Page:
The latest figures from CML reveal that July’s house purchase lending was down 13% on June’s figures and 12% year-on-year.
The Council of Mortgage Lenders (CML) has released its latest lending figures, which cover the first full month of lending following the EU Referendum.
On an unadjusted basis home-owners borrowed £10.6bn for house purchases, which was 13% down month-on-month and 12% down year-on-year. This equated to 58,100 loans, down 14% on June and 13% on July 2015.
First-time buyers also borrowed less. They took out £4.4bn worth of loans, down 19% on June and 4% on July last year. This totaled 28,200 loans, a drop of 17% month-on-month and 6% year-on-year. However, affordability metrics for first-time buyers remained relatively stable and the typical loan size decreased from £135,700 in June to £133,000 in July.
With regards to home movers, they borrowed £6.2bn, down 9% on June and 16% compared to a year ago. They took out 29,900 loans, which was down 11% month-on-month and 19% on July last year.
Remortgage activity, however, was up 7% on June and 20% year-on-year, totaling £6bn, which, alongside April 2016, is the highest monthly amount borrowed for remortgage since January 2009. In total 33,400 loans were advanced, up 3% month-on-month and 10% compared to a year ago.
Lastly, landlords borrowed £3bn, a 3% increase month-on-month but a fall of 21% compared to last year. A total of 18,600 loans were approved, up 1% compared to June but down 26% year-on-year. Buy-to-let remortgage lending continues to be the driver in this sector, making up two-thirds of gross lending.
Paul Smee, director general of the CML, said:
“These figures cover the first full month of lending following the EU referendum. They show a month-on-month decline in first-time buyer and home mover activity and muted activity on the buy to let market.
“It is hard to determine whether these figures reflect a first uncertain reaction to the referendum vote, or are a sign of a market which was already cooling. It will be quite some time before a full assessment can be made. We do believe that the Buy-to-let lending market is still readjusting after the large level of activity before the changes to stamp duty on second properties in April.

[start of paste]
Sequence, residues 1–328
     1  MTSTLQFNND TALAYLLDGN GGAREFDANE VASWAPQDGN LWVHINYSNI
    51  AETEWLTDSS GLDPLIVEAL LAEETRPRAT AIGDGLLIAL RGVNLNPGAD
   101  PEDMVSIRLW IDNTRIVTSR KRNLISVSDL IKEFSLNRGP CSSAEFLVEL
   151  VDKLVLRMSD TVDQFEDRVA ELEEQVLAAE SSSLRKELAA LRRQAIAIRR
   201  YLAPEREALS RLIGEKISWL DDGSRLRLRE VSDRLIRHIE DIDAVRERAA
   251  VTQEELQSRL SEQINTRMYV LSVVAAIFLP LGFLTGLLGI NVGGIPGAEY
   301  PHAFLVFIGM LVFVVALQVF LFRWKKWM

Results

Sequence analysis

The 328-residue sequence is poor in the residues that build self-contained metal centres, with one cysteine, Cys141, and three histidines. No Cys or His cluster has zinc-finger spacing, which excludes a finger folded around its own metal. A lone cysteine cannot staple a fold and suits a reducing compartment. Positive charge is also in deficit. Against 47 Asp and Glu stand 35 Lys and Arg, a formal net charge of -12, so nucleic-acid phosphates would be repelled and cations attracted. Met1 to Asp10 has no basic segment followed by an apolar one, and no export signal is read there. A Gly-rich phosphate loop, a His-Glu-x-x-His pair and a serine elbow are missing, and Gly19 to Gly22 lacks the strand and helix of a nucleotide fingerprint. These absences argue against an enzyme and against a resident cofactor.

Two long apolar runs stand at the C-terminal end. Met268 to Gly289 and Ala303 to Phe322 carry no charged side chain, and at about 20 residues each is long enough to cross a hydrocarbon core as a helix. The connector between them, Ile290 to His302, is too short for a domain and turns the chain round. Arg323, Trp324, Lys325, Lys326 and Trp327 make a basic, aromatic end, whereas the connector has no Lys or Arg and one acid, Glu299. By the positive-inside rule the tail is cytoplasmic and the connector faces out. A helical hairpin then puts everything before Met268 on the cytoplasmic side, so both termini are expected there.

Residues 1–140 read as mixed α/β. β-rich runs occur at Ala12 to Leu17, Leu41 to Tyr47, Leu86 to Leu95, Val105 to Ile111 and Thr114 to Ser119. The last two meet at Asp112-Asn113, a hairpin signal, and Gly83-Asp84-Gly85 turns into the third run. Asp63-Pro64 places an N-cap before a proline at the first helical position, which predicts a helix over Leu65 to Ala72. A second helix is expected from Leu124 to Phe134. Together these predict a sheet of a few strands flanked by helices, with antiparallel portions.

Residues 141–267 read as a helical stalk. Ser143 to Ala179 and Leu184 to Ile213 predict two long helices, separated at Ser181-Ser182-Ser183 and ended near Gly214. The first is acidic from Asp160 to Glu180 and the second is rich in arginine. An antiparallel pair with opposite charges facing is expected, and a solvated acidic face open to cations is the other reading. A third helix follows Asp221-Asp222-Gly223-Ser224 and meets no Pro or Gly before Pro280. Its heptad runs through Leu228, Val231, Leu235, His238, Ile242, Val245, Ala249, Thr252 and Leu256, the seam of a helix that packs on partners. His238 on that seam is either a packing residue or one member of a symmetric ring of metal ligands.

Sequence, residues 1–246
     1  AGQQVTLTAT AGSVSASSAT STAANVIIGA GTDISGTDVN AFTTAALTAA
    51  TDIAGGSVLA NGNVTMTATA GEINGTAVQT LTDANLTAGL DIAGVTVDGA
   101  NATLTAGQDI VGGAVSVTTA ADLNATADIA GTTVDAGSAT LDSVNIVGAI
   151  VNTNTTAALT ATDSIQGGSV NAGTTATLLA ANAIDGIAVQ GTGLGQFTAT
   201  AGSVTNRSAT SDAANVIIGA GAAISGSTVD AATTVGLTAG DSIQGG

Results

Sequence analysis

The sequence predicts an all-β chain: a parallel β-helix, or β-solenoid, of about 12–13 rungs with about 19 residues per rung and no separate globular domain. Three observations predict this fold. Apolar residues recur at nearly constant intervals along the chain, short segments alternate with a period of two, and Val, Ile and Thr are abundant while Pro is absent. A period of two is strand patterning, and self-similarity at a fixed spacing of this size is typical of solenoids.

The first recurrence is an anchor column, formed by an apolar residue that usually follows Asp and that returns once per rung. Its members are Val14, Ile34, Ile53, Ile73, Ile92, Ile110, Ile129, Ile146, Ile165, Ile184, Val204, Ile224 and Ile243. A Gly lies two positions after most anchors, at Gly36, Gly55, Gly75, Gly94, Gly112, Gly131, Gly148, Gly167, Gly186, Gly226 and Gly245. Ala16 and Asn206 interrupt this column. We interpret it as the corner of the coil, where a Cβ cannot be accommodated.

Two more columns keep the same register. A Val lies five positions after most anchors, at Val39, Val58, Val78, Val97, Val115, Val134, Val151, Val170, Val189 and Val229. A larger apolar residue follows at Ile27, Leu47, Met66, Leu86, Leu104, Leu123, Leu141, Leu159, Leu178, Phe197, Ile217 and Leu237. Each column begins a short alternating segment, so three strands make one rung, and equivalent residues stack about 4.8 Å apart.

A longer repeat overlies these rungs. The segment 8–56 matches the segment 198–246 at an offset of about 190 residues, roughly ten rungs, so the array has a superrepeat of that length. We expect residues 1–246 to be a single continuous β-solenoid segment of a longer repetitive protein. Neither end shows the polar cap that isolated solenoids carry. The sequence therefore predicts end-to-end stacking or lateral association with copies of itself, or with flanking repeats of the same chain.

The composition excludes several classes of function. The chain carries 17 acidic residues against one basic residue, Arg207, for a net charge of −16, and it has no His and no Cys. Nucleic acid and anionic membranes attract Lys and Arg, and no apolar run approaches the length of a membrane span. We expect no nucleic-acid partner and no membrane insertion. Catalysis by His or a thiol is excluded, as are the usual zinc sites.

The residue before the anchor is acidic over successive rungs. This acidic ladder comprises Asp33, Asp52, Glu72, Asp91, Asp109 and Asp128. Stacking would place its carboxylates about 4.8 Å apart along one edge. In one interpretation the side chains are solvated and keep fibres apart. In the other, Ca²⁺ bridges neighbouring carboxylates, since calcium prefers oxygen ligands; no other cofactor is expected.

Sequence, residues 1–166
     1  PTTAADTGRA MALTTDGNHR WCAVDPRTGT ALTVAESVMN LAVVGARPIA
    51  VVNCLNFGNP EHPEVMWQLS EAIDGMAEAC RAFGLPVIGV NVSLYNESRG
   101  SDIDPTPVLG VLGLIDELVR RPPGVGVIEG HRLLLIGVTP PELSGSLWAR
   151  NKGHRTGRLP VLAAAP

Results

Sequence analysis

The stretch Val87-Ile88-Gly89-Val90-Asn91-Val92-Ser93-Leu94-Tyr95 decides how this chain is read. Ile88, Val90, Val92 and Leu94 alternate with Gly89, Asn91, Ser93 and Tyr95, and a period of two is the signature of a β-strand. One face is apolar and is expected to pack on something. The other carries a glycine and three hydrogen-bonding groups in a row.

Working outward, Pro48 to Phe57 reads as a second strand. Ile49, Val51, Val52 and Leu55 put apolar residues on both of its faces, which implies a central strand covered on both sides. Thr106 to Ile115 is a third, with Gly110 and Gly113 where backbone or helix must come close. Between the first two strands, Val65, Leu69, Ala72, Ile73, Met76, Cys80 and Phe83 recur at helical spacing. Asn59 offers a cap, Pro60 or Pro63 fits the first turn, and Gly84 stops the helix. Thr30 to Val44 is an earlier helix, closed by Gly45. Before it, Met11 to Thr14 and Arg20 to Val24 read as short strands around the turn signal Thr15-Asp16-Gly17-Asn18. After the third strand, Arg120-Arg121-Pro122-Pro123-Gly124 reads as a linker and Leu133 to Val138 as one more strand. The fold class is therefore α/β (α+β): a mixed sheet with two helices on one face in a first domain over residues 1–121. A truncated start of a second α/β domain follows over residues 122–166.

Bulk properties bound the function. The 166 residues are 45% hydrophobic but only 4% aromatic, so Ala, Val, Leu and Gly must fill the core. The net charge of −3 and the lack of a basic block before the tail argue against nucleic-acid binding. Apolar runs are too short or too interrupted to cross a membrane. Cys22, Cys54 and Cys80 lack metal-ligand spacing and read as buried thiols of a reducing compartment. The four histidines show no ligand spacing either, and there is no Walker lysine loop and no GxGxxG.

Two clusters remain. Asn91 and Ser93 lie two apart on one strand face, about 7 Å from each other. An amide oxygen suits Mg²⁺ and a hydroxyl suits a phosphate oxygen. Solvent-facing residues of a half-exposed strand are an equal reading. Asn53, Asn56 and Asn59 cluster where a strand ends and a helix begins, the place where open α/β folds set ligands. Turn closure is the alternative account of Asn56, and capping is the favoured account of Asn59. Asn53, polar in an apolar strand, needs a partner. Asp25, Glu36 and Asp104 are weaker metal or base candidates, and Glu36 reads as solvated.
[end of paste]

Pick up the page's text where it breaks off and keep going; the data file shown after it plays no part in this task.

“Remortgage lending on the other hand has continued to grow, and reacted with a seven-year monthly high. Borrowers seem keen to take advantage of the wide range of competitive deals in the market and, following the base rate cut in August, this is likely to continue.”
David Whittaker, CEO of Mortgages for Business added:
“It is too early to say whether July’s fall in lending is due to the EU referendum at the end of June. While there can be little doubt as to the magnitude of result, the reality is, there are too many other factors affecting the wider economy to pin it all on Brexit.”
“While total mortgage lending fell between June and July, remortgaging and buy to let lending increased. Landlords are continuing to return to the market as they become more familiar with the changing tax environment and have factored this into their financial planning. Continued low mortgage rates have also spurred them on, and the recent cut in Bank Rate, will no doubt encourage them further not only to remortgage but also to expand their portfolios.
“We are seeing an increase in the number of landlords using corporate vehicles in order to invest in the property market, and we expect further increases as more investors seek to maximise their returns in the wake of tax relief restrictions on personal borrowing. There are still strong returns to be had in the property market for intelligent investors – especially compared to equities, bonds and savings, which have performed poorly since the referendum.”
You may also be interested in:
Industry continues to minimise interest only risk, says CML